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Definition: A transposition is a 2-cycle permutation.

Definition: A permutation $\sigma$ is called even if its decomposition into transpositions has even number of transpositions; analogously for odd permutations.

Now, coming to the question, how do I prove using this definition that the sign map $\operatorname{sgn}\colon S_n\to\{\pm 1\}$ assigning a permutation in the symmetric group $S_n$ to its sign (+1 if even, -1 if odd) is a homomorphism?

I know how to prove it using the definition of the sign map being the determinant of the $n\times n$ permutation matrix associated to a permutation (in which case it is obvious since $\operatorname{det}$ is multiplicative).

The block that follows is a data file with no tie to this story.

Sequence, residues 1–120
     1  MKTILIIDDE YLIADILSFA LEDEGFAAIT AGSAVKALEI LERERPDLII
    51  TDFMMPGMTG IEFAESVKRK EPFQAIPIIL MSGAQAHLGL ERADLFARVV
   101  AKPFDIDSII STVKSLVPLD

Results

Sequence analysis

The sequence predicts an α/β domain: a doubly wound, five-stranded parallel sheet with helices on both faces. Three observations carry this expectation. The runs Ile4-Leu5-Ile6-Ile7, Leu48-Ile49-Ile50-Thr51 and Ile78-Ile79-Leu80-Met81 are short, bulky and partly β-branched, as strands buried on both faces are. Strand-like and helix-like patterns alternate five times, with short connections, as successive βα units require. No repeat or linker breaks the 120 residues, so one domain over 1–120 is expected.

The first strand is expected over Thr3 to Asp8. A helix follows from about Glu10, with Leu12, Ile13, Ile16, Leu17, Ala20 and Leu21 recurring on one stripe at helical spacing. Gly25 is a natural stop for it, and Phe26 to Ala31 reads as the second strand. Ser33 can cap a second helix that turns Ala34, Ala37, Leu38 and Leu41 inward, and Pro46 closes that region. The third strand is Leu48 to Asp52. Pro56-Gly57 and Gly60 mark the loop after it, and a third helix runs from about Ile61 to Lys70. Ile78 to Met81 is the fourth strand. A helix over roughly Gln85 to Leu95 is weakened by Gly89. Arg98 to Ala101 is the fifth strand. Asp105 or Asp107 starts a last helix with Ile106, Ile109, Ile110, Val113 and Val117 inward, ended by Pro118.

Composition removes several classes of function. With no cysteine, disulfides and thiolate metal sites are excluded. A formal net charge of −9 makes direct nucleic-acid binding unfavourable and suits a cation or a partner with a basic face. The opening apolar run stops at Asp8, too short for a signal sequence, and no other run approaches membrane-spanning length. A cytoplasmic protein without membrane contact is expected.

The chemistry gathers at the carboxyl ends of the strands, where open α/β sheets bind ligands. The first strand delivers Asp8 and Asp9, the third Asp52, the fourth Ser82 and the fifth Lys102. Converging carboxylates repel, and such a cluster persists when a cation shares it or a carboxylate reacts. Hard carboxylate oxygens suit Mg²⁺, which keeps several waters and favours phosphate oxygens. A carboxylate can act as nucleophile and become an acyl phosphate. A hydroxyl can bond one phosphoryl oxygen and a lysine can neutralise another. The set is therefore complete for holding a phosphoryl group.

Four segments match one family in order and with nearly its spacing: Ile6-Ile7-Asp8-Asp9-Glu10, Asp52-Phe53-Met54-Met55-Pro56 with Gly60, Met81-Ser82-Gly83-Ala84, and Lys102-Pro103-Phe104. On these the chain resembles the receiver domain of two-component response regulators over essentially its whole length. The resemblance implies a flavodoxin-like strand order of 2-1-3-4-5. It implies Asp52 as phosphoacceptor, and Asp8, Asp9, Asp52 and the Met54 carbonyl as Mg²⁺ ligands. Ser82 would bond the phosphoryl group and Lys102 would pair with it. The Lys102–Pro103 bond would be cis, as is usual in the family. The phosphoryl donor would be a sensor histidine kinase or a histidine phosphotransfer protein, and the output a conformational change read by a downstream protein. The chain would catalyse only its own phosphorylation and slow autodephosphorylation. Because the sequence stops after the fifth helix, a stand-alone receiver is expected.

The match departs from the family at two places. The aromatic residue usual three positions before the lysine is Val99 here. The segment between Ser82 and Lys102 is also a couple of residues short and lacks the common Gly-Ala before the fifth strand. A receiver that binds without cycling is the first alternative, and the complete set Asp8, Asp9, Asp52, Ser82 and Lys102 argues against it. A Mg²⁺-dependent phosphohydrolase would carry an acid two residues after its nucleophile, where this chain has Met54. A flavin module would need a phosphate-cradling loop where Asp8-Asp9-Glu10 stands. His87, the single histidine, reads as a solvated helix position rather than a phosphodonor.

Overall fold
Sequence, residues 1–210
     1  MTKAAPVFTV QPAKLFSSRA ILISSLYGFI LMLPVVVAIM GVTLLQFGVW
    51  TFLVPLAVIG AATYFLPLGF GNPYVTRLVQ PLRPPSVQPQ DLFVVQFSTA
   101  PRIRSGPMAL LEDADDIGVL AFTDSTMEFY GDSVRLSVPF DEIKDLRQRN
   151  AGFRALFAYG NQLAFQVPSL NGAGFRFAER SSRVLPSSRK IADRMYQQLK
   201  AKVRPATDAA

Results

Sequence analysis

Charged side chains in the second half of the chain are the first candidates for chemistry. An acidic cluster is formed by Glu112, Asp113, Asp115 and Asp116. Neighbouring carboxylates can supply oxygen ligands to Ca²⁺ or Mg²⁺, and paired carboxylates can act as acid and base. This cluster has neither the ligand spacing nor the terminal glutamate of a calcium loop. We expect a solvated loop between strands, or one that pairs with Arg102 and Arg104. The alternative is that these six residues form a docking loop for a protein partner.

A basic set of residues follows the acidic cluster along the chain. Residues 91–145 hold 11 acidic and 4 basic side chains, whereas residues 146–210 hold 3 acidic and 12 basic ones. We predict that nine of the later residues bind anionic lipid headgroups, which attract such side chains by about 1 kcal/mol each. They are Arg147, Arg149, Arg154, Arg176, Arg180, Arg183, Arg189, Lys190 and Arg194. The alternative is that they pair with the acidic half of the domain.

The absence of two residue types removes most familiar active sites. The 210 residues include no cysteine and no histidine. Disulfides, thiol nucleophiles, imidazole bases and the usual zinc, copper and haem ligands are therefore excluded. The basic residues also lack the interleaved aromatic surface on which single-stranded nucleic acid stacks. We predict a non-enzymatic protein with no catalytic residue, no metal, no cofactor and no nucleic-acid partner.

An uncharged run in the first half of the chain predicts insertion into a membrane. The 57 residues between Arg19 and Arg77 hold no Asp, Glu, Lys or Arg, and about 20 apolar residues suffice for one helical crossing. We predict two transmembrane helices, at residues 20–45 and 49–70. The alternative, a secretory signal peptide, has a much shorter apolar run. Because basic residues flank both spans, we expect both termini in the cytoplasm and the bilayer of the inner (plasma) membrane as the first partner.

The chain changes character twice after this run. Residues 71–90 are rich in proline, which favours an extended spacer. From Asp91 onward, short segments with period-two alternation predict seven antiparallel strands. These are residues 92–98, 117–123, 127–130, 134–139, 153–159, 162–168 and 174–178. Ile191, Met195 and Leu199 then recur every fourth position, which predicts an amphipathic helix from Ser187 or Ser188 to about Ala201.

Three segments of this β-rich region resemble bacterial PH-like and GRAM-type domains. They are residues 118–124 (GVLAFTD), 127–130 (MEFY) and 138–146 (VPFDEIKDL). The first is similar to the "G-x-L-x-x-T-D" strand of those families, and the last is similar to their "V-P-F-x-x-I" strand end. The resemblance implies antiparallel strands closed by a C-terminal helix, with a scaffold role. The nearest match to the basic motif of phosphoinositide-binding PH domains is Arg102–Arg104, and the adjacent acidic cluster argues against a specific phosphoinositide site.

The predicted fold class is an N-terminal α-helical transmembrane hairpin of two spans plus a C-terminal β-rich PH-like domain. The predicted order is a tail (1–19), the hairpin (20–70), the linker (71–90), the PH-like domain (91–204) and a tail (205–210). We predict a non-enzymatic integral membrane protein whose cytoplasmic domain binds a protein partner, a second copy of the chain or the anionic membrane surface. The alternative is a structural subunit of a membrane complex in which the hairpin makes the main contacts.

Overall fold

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If it enough to know that the parity of the number of transpositions which appear in a given decomposition does not depend of the specific decomposition.

Then if $\sigma=t_1...t_n, sign(\sigma)=(-1)^n$ this is well defined since the parity of $n$ does not depend of the composition. If $\sigma'=t'_1....t'_{n'}, sign(\sigma')=(-1)^{n'}$ and as $\sigma\sigma'=t_1....t_nt'_1...t'_{n'}, sign(\sigma\sigma')=(-1)^{n+n'}$.

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  • $\begingroup$ I know that; I don't see how that answers my question. $\endgroup$ – learner Dec 26 '18 at 17:28
  • $\begingroup$ you see now how it answer ? $\endgroup$ – Tsemo Aristide Dec 26 '18 at 17:30
  • $\begingroup$ Yes, I do. And I feel quite silly that I didn't think of it myself. Thanks. $\endgroup$ – learner Dec 26 '18 at 17:32

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